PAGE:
August 12, 2021
One of the outcomes from the COVID-19 pandemic is the heightened awareness on cleaning procedures. Whether you’re cleaning your home, office or gym, knowing the difference between disinfecting and sanitizing will help you find the best products for what you’re looking to clean as well as help you avoid wasting money on products that provide no benefit for what you’re looking to do.
Here’s everything you need to know about the differences between disinfectants and sanitizers, how to identify them and what you should use each for:
Sanitizing And Disinfecting Are Two Different Things
Contrary to popular belief, sanitizers and disinfectants are different products designed to accomplish different things. Not all products can claim to “sanitize” or “disinfect” either - those are highly regulated terms that only federally registered and approved products can claim.
To make this even more confusing, in the United States, “sanitizing” is a term used in two very different ways and regulated by two separate federal agencies.
Sanitizers for hands and the body. These are regulated by the FDA (Food and Drug Administration). You can easily identify a skin sanitizing product by locating its “Drug Facts” panel on its packaging, and it usually has the word “sanitizing” on the front of the packaging somewhere.
Sanitizers for surfaces. These are regulated by the EPA (Environmental Protection Agency), which defines sanitizers as an agent “used to reduce, but not necessarily eliminate, microorganisms from the inanimate environment to levels considered safe as determined by public health codes or regulations". Sanitizers are typically used in food service but not in places where more robust cleaning is required, such as gyms or hospitals. When sanitizers make a kill claim, they are typically only against a couple of bacteria strains and do not apply to viruses like COVID and the flu, nor to fungi that cause diseases like athlete’s foot.
Disinfecting is always for surfaces, never for the body. In the United States, “disinfecting” is a term that’s regulated by the EPA. Anytime you’re looking to clean a surface or inanimate object, it’s almost always recommended to use a disinfectant over a sanitizer. Be aware that there are unregistered disinfectants in the market that use the word “disinfecting” illegally, so always verify a disinfectant’s legitimacy by locating it’s “Active Ingredients” information on its packaging, it’s EPA Registration Number and it’s EPA Establishment Number.
Sanitize Hands, Disinfect Surfaces
The general rule of thumb is to “sanitize hands and disinfect surfaces”. After all, it’s called “hand sanitizer”, not “hand disinfectant”.
If you’re looking to keep hands clean, you should make hand sanitizer available - gel is preferred. If you’re looking to kill microbes on surfaces, you need to use a disinfectant such as disinfectant wipes or a disinfectant spray.
“Education around the correct choice and use of disinfectants and hand hygiene products for athletic facility managers, trainers and members is a key component of a comprehensive infection risk reduction program,” says Mary Ann Auer, Director of Infection Prevention at Wexford Labs. “There is strong evidence that hand hygiene coupled with the use of EPA-registered disinfectants on high touch surfaces can reduce bacteria on surfaces by nearly 95% and completely eliminate MRSA and Influenza . Most importantly, these practices prevent disease transmission and create a culture of safety within the facility.”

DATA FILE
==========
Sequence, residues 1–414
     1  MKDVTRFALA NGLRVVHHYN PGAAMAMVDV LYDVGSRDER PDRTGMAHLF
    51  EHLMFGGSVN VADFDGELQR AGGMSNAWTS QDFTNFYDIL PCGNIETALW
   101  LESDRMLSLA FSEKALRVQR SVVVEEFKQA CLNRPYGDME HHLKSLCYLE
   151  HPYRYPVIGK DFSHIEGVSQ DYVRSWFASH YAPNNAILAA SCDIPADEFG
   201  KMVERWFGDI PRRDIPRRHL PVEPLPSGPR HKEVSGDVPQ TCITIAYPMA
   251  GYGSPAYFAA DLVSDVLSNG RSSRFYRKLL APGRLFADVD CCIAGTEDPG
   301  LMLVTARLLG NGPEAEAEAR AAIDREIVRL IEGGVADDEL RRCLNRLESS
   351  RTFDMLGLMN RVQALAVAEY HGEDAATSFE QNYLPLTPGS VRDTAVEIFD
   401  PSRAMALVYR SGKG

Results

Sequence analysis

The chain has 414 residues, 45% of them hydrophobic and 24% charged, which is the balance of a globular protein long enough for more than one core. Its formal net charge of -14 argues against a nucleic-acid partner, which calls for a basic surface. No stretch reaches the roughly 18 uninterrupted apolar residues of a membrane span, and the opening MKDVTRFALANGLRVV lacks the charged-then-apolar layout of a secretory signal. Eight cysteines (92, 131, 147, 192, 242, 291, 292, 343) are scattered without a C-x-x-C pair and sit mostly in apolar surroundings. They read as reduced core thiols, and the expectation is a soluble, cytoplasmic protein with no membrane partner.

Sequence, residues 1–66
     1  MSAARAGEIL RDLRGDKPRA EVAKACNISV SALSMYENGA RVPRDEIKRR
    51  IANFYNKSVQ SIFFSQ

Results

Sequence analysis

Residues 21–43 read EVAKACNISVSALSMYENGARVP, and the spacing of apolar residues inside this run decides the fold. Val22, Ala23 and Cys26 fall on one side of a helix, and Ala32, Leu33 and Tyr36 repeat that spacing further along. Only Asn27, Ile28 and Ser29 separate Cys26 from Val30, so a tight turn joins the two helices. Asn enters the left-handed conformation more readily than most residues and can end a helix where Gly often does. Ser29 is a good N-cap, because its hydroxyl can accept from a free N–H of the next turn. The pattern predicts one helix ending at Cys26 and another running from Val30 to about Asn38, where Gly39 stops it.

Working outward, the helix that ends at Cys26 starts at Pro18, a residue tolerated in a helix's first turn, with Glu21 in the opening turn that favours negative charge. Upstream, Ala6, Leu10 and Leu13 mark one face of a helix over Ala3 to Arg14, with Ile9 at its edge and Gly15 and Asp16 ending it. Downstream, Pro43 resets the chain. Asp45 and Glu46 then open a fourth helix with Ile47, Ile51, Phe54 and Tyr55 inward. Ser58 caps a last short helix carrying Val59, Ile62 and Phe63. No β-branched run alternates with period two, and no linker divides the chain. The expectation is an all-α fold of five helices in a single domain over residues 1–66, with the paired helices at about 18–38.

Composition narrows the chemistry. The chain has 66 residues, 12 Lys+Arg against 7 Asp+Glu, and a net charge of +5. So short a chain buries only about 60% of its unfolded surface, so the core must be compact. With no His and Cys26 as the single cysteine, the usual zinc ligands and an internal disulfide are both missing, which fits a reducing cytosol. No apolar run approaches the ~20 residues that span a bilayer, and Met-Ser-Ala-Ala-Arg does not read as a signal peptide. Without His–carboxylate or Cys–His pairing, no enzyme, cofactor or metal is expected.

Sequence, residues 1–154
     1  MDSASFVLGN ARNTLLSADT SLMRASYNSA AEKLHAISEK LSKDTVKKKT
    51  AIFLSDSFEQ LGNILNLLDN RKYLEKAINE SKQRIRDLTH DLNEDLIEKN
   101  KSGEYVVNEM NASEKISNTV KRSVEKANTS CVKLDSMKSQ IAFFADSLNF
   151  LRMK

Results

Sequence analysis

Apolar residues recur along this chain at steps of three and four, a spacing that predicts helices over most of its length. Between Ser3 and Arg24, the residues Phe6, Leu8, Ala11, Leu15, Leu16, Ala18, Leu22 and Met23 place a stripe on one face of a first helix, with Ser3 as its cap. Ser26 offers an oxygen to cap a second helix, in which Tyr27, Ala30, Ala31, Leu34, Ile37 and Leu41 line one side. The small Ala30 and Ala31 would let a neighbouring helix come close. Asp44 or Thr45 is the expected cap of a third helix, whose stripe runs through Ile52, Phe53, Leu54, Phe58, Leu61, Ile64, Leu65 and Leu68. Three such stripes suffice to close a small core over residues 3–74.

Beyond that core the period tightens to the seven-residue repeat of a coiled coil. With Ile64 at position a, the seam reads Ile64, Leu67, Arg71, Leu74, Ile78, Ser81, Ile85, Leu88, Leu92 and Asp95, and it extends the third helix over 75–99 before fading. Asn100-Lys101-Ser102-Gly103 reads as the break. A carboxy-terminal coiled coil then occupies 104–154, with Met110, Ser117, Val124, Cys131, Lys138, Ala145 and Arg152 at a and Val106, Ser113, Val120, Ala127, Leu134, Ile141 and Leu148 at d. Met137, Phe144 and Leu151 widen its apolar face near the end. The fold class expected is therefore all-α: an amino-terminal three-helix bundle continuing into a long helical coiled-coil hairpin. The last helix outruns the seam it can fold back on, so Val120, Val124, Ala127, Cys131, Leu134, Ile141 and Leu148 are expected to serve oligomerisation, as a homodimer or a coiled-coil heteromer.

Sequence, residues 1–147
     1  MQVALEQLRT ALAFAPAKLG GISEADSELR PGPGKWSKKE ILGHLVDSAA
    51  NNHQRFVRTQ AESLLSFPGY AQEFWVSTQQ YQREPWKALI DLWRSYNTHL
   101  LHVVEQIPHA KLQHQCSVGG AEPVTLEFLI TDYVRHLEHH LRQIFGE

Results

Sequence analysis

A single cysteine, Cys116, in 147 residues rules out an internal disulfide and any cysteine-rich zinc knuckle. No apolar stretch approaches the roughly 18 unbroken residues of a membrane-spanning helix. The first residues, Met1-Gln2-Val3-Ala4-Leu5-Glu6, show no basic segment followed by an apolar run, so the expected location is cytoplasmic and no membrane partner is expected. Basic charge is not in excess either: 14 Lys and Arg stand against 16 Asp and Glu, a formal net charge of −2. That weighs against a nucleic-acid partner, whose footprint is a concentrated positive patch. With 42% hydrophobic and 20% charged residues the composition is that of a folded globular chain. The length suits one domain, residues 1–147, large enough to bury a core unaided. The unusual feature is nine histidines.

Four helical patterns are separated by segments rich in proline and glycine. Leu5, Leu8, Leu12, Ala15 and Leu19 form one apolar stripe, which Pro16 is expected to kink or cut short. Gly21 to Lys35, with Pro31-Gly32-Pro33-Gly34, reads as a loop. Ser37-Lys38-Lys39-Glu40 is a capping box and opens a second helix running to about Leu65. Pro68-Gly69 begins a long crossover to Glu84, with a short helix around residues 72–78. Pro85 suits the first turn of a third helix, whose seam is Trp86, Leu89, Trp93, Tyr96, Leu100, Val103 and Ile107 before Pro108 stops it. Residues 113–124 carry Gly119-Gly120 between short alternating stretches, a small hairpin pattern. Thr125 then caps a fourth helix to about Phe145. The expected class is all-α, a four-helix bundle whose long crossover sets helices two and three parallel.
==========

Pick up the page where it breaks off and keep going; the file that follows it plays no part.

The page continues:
Disinfectants Are Stronger Than Sanitizers
Sanitizers simply reduce the number of bacteria on a surface. Disinfectants not only eliminate bacteria, but unlike sanitizers they are also tested and approved to kill fungi and viruses. When it comes to keeping a surface clean, disinfectants always win.
Sanitizers have a much lower bar to pass in order to get approval from the FDA. Essentially, they aim to have a 3 Log reduction in germs - which means if you start with one million germs you can still have one thousand germs left after sanitizing and still gain approval. Additionally, there are no sanitizing-only products approved to kill fungi or viruses, so they’re not guaranteed to kill things like HIV, COVID or Swine Flu.
Disinfectants have a much more difficult bar to pass in order to get approval from the EPA. They must destroy or irreversibly inactivate bacteria, fungi and viruses by demonstrating at least a 5 Log reduction against bacteria. This is much more difficult to accomplish than what the sanitizer test requires. To put this in perspective, if you started with the same one million germs the sanitizer did, disinfectants must reduce the number of germs remaining to ten while the sanizier can still have one thousand remaining. Disinfectants can also be tested against specific strains and therefore make specific claims on what germs they kill. This is especially important for gyms and hospitals, which must be actively fighting against MRSA. So look for a disinfectant that claims to kill MRSA, which should be listed right on their label.
Choose Vapor Fresh Disinfecting Wipes!
Vapor Fresh has a line of EPA registered disinfecting gym wipes that uses citric acid to disinfect instead of the harsh quats found in other disinfecting and sanitizing wipes. Not only is citric acid an ideal disinfectant of choice, but avoiding quats that have known skin, eye, lung and reproductive health concerns is a huge added bonus.
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Vapor Fresh has small disinfecting wipe canisters perfect for home gyms and small studios, as well as large disinfecting wipe refill rolls that fit in all wipe dispensers for larger gyms and other commercial applications.